Fact #5 – People once enemies to the Christian movement completely changed

It doesn’t stop at the disciples. There are at least two crucially important witnesses who had an even greater transformation. Instead of being followers of Jesus from the start, James (his brother), and a man called Saul from Tarsus were both opposed to what Jesus and subsequently his disciples were doing and saying.

James, along with the rest of the family, thought Jesus was stark, raving mad and tried on occasions to bring him back to the family home in Nazareth[1]. Saul, a young Pharisee student prodigy who had everything possible going for him as a teacher of the Rabbinical law[2], plus the eminent status that would have come with that, spent a good proportion of his time hunting out Christian believers for arrest and imprisonment.

But both James and Saul, (who would later become known in the record as Paul), changed their minds.

Paul remembers his ‘lightbulb’ moment and makes reference to it on numerous occasions. One of his close companions, Luke, wrote about what Paul claimed had happened[3] – he believed he had seen and heard the risen Jesus appearing to him when on the road to Damascus, just as the disciples also believed. Something similar had apparently happened to James as well, although no details of this are retained. Paul just includes James in a long list of people who had claimed to have seen Jesus alive again[4].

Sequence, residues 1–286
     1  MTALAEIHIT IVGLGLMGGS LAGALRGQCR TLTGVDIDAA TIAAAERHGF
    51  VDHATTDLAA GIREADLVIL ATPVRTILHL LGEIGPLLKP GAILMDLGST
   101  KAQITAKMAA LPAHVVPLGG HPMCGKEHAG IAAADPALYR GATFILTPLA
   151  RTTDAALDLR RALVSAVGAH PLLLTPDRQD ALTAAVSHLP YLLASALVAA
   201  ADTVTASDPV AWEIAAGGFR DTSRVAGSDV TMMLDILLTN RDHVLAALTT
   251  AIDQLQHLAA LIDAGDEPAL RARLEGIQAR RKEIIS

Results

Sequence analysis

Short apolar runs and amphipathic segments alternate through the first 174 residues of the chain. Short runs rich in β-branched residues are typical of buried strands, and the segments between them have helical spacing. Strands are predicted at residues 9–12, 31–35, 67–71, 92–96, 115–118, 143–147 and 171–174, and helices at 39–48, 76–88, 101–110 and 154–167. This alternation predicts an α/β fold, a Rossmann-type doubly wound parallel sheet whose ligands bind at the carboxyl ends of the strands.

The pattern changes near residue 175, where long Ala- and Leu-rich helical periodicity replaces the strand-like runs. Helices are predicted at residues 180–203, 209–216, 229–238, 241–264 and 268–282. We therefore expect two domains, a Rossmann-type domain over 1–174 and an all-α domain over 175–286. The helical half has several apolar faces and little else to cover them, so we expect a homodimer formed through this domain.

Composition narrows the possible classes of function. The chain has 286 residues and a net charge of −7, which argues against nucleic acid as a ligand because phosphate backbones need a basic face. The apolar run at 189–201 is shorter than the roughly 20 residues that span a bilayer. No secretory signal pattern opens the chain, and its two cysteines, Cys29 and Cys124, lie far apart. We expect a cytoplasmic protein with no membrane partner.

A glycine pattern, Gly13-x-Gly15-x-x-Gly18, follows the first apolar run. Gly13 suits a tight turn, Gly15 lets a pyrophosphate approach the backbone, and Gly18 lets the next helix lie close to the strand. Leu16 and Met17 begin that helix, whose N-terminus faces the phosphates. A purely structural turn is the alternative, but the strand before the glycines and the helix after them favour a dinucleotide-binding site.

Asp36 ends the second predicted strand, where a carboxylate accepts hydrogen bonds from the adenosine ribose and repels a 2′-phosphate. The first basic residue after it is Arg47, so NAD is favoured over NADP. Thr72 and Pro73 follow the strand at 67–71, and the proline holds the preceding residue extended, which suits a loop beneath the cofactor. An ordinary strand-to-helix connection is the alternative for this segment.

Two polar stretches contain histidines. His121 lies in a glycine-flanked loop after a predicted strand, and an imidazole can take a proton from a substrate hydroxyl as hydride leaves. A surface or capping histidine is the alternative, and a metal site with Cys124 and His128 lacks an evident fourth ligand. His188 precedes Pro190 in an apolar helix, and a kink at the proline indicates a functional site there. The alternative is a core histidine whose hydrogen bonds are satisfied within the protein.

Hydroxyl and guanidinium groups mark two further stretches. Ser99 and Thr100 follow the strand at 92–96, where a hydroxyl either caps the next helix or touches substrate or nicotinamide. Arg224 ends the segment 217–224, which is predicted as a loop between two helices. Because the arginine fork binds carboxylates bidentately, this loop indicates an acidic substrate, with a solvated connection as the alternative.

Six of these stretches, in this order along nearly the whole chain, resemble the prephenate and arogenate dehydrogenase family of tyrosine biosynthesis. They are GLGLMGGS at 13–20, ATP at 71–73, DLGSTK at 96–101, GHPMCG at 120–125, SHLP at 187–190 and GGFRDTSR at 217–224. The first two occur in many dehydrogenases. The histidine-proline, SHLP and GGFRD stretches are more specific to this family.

Both James and especially Paul rejected a life of high status that they could have had as prominent Jewish scholars. Instead, they willingly chose to align themselves with the maligned Christian movement, risking persecution and execution.

Indeed, church tradition understands that both James and Paul suffered the ultimate fate at the hands of the authorities, all on account of their new worldview and their unshakeable belief that Jesus of Nazareth had risen from the dead.

The conversion of these men, once in direct opposition to Jesus, is an important part of the evidence that we will need to take account of. Any explanation for what happened over the course of those three days must be consistent with this. It must have sufficient explanatory power.

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[1] Mark 3:21

[2] Philippians 3:5-7

[3] Acts 9:1-19

[4] 1 Corinthians 15:7